NASA Jet Propulsion Lab lead engineer Adam Steltzner, who became a highly visible presence during last year’s Mars Curiosity Rover mission, will give a presentation at 4 p.m. Tuesday, May 21, in UC Davis’ 1065 Kemper Hall.
His talk is titled “The Right Kind of Crazy: Risk, Reason and Engineering Curiosity to the Surface of Mars.” Admission is free.
A graduate of UCD, Steltzner led the innovative entry, descent and landing team that guided Curiosity to its successful touchdown inside Mars’ massive Gale Crater at 10:32 p.m. Aug. 5, 2012.
Steltzner and his EDL team — at one point, almost 2,000 people — devised the rocket-powered “sky crane” that hovered over the planet’s surface and gently lowered Curiosity on a cable.
Steltzner discusses the development of this unique landing system in NASA’s “Seven Minutes of Terror,” a short video that has become a YouTube sensation, with more than 2 million views. See: http://youtu.be/Ki_Af_o9Q9s.
Despite the well-deserved acclaim that has followed his work on Curiosity, Steltzner almost didn’t find his scientific muse: He wanted only to play bass and drums in various new-wave bands after a lackluster high school career.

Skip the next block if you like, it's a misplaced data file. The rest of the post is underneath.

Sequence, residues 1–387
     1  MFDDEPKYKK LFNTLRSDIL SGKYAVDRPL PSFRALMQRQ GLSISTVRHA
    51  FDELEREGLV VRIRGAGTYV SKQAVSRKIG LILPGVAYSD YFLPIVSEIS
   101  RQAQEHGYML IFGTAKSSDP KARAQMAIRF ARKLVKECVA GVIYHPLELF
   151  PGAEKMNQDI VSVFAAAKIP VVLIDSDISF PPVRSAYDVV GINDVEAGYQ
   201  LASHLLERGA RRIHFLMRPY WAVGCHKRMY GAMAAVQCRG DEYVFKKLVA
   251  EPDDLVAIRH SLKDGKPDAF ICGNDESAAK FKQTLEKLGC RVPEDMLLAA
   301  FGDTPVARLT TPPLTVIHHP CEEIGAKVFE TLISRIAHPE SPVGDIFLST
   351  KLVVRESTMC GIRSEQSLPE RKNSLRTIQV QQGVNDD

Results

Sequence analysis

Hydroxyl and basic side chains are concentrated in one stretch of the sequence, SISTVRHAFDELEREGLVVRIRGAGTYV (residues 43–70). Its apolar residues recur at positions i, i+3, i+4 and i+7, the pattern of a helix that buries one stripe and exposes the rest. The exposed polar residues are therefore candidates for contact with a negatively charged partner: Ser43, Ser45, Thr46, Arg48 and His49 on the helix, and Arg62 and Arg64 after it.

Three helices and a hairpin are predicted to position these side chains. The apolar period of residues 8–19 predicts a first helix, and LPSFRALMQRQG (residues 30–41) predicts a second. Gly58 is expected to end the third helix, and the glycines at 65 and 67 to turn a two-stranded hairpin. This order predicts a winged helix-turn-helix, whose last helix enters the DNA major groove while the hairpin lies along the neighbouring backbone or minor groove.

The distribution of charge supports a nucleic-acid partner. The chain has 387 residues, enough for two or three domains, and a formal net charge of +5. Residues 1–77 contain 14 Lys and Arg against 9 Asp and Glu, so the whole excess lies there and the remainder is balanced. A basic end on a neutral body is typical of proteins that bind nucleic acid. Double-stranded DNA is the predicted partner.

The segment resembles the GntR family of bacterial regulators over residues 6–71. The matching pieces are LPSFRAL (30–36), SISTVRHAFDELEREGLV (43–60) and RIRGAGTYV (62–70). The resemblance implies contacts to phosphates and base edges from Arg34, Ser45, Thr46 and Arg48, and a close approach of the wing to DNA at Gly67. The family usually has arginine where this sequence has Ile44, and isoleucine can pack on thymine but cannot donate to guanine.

But one night in 1984, entranced by the constellation Orion while returning home from a gig, he suddenly embraced higher education with fresh enthusiasm.
He earned a bachelor’s degree in mechanical engineering at UCD in 1990, and followed that with a master’s degree in applied mechanics from the California Institute of Technology and a doctorate from the University of Wisconsin.
His early projects with JPL’s Spacecraft Structures and Dynamics Group included Galileo, Cassini, the Mars Pathfinder and Mars Exploration Rovers.
Among other achievements, Steltzner is credited by many for completely redefining the popular image of a rocket scientist, thanks to his rock ‘n’ roll background, pierced ears, snakeskin boots and duckbill haircut.
For more information, call 530-754-9666 or visit http://engineering.ucdavis.edu.
— UC Davis News Service